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Securitization

New York Court Ruling Puts More Pressure On Foreclosure

A recent New York Supreme Court decision calls into question how mortgages are transferred and reported in securitizations and could have sweeping implications for mortgage foreclosure timelines, according to lawyers and market players.

  • 17 Jun 2011
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-- Daniel O’Leary

A recent New York Supreme Court decision calls into question how mortgages are transferred and reported in securitizations and could have sweeping implications for mortgage foreclosure timelines, according to lawyers and market players.

The Appellate Division of the Second Department of New York’s Supreme Court ruled last week in favour of the borrower in the Bank of New York versus Stephen Silverberg. In its ruling, made official Tuesday, the four judges of the court ruled the transfer of Silverberg’s mortgage from Countrywide Financial, the mortgage originator, to Mortgage Electronic Registration Systems (MERS), was invalid under state law. The decision effectively overturned the previous judicial foreclosure, which occurred in September 2008.

Originators use MERS to transfer mortgage notes from their balance sheet to securitization vehicles. The firm acts as the mortgagee for 32 million active loans, according to Bill Hultman, senior v.p. and corporate group manager at MERS.

In its decision, the court said the MERS system freed its members “from paying the recording fees that would otherwise be furnished to the relevant localities.” “This leaves borrowers and the local county or municipal recording offices unaware of the identity of the true owner of the note.”

William O'Connor, New York-based partner at Crowell & Moring, said under New York law people should be able to know who their lender is. “That wasn’t the case with the Silverberg mortgage”, O’Connor said. “The market may have to re-think the way MERS works,” he said, saying the court had cast a shadow over the system of mortgage transfer and reporting. The decision could add more pressure to foreclosure timelines, along with the robo-signing issue, further upsetting cash-flows in RMBS, he said.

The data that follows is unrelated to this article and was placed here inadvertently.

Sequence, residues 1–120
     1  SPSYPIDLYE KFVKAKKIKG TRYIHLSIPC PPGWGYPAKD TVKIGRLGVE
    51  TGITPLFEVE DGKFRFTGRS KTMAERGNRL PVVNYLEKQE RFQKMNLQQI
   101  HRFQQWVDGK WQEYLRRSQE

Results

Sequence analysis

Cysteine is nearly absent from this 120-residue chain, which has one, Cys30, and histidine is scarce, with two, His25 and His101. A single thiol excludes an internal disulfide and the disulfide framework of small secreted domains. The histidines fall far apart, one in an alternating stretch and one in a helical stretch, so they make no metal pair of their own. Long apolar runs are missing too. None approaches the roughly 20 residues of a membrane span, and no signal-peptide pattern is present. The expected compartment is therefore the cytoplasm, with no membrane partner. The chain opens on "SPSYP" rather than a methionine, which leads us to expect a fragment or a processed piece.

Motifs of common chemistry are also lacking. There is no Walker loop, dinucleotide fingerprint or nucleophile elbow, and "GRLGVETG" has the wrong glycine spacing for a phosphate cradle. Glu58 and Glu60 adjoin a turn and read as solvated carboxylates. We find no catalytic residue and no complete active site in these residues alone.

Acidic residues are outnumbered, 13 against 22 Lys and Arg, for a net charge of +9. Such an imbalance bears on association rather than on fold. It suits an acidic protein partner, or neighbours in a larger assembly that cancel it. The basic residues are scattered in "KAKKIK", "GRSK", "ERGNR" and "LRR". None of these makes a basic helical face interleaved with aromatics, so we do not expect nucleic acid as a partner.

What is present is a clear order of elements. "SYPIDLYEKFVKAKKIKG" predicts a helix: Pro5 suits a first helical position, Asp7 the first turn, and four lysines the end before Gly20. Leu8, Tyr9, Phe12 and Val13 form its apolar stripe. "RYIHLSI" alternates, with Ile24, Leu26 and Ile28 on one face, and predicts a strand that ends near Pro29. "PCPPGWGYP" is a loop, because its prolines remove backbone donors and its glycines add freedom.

Extra costs and time could also be added if bankers are forced to take a more traditional stance to reporting transfers, O’Connor said. “They’ll have to employ lawyers and other people to handle the extra work,” he noted.

The impacts on the mortgage industry in New York and the nation were acknowledged in the court’s decision. “Nonetheless, the law must not yield to expediency and the convenience of lending institutions,” the decision stated. “Proper procedures must be followed to ensure the reliability of the chain of ownership, to secure the dependable transfer of property, and to assure the enforcement of the rules that govern real property.”

Daniel Rubock, senior v.p. at Moody’s Investors Service, said the agency is still trying to gauge the decision and how it could affect the market. “It’s a troubling decision that could be interpreted narrowly by lower courts in other foreclosure cases,” he said. “But it could also be used more broadly, which was more worrying.” The Silverberg case was unique, as it consisted of two mortgages consolidated into one instrument, he said. This is not a precedent that should be applied to all foreclosure cases, Rubock said.

In a statement MERS said it agreed with the court’s decision. “There was an evidentiary defect as the note produced to the court in the foreclosure proceeding did not have the proper endorsements to prove Bank of New York was the holder of the note,” the firm said.

Hultman said the firm will challenge any lower court decision that used this case incorrectly as precedent. “Can’t say the lower courts won’t make a mistake, but we’ll appeal that decision,” he said. “There’s an opportunity for judges to misread this case, but judges should follow the law.” Hultman said the firm had no intention to appeal the Silverberg decision.

A spokesman at Bank of New York did not return phone calls.

  • 17 Jun 2011

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MCF Capital Management LLC., MCF IVWells Fargo405.96

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